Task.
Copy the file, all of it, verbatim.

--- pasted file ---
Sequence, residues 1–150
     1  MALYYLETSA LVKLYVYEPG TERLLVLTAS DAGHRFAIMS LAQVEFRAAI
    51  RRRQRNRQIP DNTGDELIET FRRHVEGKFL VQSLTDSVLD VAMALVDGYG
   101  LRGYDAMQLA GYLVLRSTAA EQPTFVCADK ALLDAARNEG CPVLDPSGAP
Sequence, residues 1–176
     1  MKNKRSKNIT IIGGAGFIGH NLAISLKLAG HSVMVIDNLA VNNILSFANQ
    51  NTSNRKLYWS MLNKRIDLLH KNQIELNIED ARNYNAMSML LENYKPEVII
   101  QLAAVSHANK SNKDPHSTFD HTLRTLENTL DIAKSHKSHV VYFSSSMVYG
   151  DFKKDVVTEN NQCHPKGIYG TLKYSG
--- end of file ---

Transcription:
Sequence, residues 1–150
     1  MALYYLETSA LVKLYVYEPG TERLLVLTAS DAGHRFAIMS LAQVEFRAAI
    51  RRRQRNRQIP DNTGDELIET FRRHVEGKFL VQSLTDSVLD VAMALVDGYG
   101  LRGYDAMQLA GYLVLRSTAA EQPTFVCADK ALLDAARNEG CPVLDPSGAP
Sequence, residues 1–176
     1  MKNKRSKNIT IIGGAGFIGH NLAISLKLAG HSVMVIDNLA VNNILSFANQ
    51  NTSNRKLYWS MLNKRIDLLH KNQIELNIED ARNYNAMSML LENYKPEVII
   101  QLAAVSHANK SNKDPHSTFD HTLRTLENTL DIAKSHKSHV VYFSSSMVYG
   151  DFKKDVVTEN NQCHPKGIYG TLKYSG